Mr. Obama’s decision to impose a tariffs on Chinese tires is a signal that he plans to deliver on his promise to labor unions that he would more strictly enforce trade laws, especially against China, which has become the world’s factory while the United States has lost millions of manufacturing jobs. The trade deficit with China was a record $268 billion in 2008.

§ Vespers. Somehow, Janet Maslin got a copy ahead of time, despite all of that harum-scarum security; her review appears in today’s Times. Mr Williams writes,

If you care, she says the book is “impossible to put down.” I’ll likely solve this problem by not picking it up in the first place.

That’s our plan, too. Dan Brown has mastered the art of concocting the literary equivalent of empty calories. We still haven’t forgiven Jeannette Watson, of Books & Co/Lenox Hill Books fame, for breathlessly recommending The Da Vinci Code to a customer — how could we help overhearing her?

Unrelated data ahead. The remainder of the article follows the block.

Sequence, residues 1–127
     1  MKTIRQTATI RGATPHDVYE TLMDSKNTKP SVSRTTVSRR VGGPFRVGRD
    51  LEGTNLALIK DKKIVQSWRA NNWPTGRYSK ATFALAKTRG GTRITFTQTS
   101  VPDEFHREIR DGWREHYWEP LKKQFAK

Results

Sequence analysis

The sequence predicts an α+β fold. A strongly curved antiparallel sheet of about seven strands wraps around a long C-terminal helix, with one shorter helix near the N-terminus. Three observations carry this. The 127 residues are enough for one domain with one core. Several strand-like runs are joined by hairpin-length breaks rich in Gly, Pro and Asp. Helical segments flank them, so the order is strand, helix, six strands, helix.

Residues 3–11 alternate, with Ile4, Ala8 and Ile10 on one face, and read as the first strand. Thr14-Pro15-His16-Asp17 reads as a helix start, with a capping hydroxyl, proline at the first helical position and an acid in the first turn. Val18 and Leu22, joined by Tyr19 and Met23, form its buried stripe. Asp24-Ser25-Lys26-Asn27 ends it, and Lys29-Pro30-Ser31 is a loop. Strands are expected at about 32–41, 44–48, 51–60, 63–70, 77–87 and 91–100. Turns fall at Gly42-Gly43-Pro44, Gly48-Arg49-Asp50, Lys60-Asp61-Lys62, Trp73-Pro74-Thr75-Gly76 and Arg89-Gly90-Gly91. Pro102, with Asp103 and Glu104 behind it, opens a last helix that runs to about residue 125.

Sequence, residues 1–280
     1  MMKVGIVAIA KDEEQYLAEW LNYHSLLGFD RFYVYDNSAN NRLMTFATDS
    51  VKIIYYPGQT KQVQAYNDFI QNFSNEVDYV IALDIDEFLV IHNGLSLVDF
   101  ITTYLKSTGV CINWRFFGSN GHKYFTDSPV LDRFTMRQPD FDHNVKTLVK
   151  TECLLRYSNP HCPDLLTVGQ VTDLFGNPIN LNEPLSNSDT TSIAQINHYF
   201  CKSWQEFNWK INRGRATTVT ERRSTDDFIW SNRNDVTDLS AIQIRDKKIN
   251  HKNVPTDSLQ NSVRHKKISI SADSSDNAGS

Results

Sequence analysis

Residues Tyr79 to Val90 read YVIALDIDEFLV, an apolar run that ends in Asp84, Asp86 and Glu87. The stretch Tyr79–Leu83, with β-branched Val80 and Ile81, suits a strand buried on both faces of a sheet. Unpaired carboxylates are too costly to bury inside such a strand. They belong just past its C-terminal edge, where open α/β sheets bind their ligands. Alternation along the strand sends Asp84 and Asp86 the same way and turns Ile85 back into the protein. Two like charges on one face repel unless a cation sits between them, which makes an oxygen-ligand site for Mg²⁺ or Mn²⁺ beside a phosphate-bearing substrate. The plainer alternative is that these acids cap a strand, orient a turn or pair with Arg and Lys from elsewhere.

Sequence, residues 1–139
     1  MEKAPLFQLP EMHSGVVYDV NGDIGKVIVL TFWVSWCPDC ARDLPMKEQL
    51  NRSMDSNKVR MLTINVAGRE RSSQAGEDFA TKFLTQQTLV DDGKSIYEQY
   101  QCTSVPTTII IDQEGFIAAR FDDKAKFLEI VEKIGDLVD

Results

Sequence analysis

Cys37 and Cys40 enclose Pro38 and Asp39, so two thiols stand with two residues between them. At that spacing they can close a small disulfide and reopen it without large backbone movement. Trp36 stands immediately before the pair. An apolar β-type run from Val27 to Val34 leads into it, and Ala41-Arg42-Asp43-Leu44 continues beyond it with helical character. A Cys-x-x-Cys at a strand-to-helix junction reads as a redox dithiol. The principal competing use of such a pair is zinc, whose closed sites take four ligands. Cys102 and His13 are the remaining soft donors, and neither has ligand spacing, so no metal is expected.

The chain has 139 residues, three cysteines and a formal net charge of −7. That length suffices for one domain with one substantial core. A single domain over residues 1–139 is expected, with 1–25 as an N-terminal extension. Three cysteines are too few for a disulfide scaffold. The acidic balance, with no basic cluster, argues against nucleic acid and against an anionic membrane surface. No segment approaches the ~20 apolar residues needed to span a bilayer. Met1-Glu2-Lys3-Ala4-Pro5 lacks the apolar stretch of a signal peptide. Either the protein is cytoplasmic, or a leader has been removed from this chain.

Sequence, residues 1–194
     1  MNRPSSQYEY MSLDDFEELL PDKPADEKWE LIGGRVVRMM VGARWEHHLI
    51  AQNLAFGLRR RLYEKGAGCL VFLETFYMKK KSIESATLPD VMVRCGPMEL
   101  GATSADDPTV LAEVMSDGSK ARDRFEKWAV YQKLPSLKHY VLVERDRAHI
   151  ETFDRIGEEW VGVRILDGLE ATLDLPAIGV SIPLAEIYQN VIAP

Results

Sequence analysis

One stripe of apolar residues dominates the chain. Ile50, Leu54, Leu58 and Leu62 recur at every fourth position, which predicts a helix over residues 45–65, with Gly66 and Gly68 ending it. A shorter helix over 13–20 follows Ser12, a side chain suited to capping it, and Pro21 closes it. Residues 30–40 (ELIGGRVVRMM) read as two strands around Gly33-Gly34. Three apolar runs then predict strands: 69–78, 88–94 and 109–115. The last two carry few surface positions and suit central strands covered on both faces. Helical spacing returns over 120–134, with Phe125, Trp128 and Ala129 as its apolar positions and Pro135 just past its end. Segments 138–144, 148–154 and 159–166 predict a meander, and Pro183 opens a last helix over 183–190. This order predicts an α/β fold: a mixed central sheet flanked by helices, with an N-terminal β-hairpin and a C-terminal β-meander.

So we’re planning on not reading The Lost Symbol.

§ Compline. We can see our house from here!


One Response to “Daily Office:

  1. Meryjoy says:

    There shall come a time when prison offiliacs will welcome the incarceration of new Muslim prisoners with the same sense of trepidation that they currently reserve for sexually active AIDS cases.In the absence of deportation or summary execution, radical Muslims should be subjected to solitary confinement. Preferrably with such a degree of sensory deprivation that they experience abrupt mental breakdowns. Rest assured that such harsh treatment would seem blissfully humane in comparison to how they would deal with us.